America’s national transportation policy emphasizes accessibility, mobility, safety and economic growth. This policy is best exemplified by the creation of the interstate highway system, which significantly improved the quality of life in the U.S. This system of superhighways, stretching for thousands of miles, played a key role in the incredible economic growth in the U.S. in the second half of the 20th century.
The American people have long recognized the importance of building new roads and bridges to their quality of life, and Congress and state legislators for years voted for increased highway funding. Throughout the interstate construction era, the federal government also coordinated the development of new roads and bridges through the federal-aid highway program and paid for the bulk of new infrastructure with federal motor fuel user fees.
Since the completion of the interstate highway system in the 1990s and amid current concerns about the long-term viability of the federal Highway Trust Fund, the relevance of a national transportation policy and the federal highway program has been questioned. States are taking more active roles in funding their own road and bridge projects, employing public-private partnerships and tolling. Congress also has increased the number of direct earmarks for local projects in recent federal highway bill reauthorizations.
Americans want and deserve good roads and bridges, so it is vital that Congress refocus its attention on policy issues when it takes up the reauthorization of the federal highway bill in 2009. Congress needs to create a new national transportation policy to guide future transportation investment, one that will maintain the benefits of the interstates and also address the most vexing challenge to their effectiveness: urban traffic congestion.
A revitalized national transportation policy would first of all prioritize the building of additional highway capacity. While this has proven to be the most effective method to reduce congestion, new road mileage has increased by only 6% nationwide since 1970, even as vehicle travel has gone up by 167% during that time.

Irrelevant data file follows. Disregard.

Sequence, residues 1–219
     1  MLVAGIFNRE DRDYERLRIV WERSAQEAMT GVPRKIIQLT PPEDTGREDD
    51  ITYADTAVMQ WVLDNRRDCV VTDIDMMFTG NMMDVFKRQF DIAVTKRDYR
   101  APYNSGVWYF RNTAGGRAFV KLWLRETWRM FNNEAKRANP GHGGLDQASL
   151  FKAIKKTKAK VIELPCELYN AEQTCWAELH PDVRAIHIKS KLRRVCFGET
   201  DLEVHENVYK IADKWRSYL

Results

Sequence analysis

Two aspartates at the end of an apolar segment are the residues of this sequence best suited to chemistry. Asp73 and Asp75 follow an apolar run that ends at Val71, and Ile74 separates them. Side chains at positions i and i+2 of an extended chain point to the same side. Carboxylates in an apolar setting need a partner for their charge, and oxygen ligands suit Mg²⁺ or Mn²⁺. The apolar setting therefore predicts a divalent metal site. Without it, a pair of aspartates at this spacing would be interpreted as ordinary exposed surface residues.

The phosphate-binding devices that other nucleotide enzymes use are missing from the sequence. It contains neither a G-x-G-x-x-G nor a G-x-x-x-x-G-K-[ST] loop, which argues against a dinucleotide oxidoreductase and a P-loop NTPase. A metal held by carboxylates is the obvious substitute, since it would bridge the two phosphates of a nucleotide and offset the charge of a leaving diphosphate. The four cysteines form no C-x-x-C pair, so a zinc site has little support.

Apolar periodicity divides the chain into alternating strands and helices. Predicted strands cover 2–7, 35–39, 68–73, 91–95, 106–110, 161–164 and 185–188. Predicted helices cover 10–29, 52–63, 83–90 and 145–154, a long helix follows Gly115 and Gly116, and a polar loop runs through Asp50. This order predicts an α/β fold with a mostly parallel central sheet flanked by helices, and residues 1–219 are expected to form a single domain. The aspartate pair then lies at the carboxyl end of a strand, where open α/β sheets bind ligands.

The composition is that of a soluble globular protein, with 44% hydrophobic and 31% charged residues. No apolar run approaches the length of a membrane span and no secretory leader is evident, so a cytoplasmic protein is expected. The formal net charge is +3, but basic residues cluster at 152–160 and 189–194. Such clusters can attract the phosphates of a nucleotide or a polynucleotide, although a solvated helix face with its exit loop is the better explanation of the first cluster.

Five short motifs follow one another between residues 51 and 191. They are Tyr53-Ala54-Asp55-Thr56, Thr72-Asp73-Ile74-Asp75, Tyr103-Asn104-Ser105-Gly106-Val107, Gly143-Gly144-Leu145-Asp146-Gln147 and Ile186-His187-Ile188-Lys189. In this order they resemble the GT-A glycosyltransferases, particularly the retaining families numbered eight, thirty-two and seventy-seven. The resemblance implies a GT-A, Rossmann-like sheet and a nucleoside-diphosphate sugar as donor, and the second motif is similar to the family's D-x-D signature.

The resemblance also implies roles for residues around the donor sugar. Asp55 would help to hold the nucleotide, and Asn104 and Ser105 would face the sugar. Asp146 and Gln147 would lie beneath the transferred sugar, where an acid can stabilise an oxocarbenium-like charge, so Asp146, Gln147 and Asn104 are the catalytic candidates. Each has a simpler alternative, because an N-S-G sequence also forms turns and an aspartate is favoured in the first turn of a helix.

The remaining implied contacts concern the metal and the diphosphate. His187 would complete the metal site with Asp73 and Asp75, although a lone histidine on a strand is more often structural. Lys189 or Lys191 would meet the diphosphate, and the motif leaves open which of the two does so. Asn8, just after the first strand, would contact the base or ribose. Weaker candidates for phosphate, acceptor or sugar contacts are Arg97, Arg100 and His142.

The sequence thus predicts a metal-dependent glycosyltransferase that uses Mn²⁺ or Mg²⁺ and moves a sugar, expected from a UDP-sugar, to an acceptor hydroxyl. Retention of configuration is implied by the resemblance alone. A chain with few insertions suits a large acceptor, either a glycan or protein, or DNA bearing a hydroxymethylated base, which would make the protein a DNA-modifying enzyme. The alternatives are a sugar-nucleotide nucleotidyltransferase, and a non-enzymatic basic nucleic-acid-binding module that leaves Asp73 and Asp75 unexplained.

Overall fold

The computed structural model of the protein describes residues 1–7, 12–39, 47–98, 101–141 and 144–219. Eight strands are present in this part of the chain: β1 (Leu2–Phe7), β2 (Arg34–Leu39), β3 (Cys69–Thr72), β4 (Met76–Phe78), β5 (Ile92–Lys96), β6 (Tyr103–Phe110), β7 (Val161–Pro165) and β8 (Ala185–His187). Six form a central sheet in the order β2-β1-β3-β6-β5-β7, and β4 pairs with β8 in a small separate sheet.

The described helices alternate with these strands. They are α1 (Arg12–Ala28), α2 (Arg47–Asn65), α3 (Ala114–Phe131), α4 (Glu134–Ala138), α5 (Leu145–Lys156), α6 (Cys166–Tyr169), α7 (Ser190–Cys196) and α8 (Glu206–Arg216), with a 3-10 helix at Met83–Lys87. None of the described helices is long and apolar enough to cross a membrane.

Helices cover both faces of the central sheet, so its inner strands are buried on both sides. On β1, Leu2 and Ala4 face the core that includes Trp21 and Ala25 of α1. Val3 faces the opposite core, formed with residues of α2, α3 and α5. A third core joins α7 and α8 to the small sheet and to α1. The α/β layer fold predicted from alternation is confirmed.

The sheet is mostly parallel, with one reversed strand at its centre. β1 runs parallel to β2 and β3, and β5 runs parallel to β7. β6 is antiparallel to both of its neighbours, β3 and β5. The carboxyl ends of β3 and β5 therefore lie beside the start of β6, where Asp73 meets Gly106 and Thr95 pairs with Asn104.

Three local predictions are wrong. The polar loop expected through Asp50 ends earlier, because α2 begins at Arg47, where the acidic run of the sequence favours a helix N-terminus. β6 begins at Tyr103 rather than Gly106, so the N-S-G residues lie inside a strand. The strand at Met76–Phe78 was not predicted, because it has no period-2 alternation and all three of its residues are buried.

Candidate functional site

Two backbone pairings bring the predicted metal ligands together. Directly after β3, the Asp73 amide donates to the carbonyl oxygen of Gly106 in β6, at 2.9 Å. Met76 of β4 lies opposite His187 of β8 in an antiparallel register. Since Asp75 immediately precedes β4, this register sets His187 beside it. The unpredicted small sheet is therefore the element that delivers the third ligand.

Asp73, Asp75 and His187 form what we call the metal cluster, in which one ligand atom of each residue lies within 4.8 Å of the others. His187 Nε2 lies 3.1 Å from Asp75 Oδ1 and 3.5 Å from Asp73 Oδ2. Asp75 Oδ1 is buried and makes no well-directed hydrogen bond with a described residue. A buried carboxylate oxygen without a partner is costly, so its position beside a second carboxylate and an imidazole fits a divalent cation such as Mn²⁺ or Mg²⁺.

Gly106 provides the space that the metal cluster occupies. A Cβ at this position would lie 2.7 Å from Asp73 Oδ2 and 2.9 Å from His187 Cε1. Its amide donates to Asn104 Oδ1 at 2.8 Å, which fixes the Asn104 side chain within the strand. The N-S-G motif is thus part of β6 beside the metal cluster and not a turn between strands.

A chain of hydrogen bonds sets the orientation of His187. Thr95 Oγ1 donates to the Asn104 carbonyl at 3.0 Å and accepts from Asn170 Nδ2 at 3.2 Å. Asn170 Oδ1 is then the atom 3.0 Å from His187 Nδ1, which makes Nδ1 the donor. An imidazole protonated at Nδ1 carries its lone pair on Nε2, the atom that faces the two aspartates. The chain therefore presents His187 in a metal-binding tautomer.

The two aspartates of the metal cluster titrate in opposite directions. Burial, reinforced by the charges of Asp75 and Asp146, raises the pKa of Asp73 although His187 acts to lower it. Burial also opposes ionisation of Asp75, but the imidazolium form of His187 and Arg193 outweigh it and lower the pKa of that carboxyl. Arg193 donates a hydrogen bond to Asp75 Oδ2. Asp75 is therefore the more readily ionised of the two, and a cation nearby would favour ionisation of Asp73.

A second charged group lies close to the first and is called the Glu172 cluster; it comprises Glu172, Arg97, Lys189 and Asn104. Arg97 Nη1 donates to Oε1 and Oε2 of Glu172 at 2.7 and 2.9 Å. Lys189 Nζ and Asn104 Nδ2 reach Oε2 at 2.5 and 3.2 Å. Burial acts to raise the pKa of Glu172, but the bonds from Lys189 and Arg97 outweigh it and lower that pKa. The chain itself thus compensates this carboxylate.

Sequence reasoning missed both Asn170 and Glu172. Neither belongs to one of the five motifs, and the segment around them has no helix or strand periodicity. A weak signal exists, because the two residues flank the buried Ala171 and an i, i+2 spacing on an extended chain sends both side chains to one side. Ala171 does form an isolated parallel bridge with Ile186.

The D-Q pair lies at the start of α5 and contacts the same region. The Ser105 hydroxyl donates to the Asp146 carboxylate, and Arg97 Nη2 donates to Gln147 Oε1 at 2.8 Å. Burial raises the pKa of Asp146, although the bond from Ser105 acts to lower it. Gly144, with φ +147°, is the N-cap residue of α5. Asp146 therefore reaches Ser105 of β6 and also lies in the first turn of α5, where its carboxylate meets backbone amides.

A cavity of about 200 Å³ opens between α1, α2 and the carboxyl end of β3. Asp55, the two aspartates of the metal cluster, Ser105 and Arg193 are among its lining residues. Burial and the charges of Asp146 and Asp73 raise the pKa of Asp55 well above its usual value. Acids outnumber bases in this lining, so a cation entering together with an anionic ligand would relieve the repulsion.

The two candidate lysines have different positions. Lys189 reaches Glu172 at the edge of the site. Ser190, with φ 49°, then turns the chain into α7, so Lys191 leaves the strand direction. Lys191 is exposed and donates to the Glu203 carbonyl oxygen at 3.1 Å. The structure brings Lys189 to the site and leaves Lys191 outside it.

The interstates replaced an antiquated system of narrow local roads with multilane highways that accommodated burgeoning levels of traffic for years. Nowadays, many sections of urban interstates are often gridlocked for most of the day. We cannot allow the economic backbones of our country to seize up. While there have been many proposals and programs aimed at reducing congestion, and many local and state governments are actively addressing the problem, bottlenecks continue to impede free-flowing travel and hamper economic productivity.
Congress recognizes the need for new revenue sources to fund our pressing transportation infrastructure needs. In the current federal highway bill, Congress asked for two studies concerning future highway funding issues: the first study will focus on a mileage-based revenue system and the second will research alternatives to the highway trust fund.
An expansionist national transportation policy created the interstate highway system, one of the greatest public works projects in history. For 50 years, the federal-aid highway program has provided Americans with the best highway system in the world. If Americans are to continue to enjoy the benefits of the interstates and the interstate highway system is to meet the challenges of the 21st century, we need a national transportation policy that is infused with that same spirit that built the interstates in the first place.